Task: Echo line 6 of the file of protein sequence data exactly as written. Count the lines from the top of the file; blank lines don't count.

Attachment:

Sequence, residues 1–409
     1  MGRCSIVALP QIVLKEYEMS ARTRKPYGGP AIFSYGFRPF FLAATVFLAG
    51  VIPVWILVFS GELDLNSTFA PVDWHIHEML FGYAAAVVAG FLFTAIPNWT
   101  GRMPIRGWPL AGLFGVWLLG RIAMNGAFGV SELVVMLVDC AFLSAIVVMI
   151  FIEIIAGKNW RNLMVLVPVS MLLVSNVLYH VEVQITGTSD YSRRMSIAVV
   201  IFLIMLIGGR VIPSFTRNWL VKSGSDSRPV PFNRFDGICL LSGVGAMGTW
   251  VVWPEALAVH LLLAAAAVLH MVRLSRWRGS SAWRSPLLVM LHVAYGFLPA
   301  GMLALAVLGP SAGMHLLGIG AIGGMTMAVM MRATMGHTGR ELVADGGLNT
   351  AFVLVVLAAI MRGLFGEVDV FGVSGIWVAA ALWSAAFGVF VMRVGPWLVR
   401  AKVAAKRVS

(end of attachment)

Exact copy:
   201  IFLIMLIGGR VIPSFTRNWL VKSGSDSRPV PFNRFDGICL LSGVGAMGTW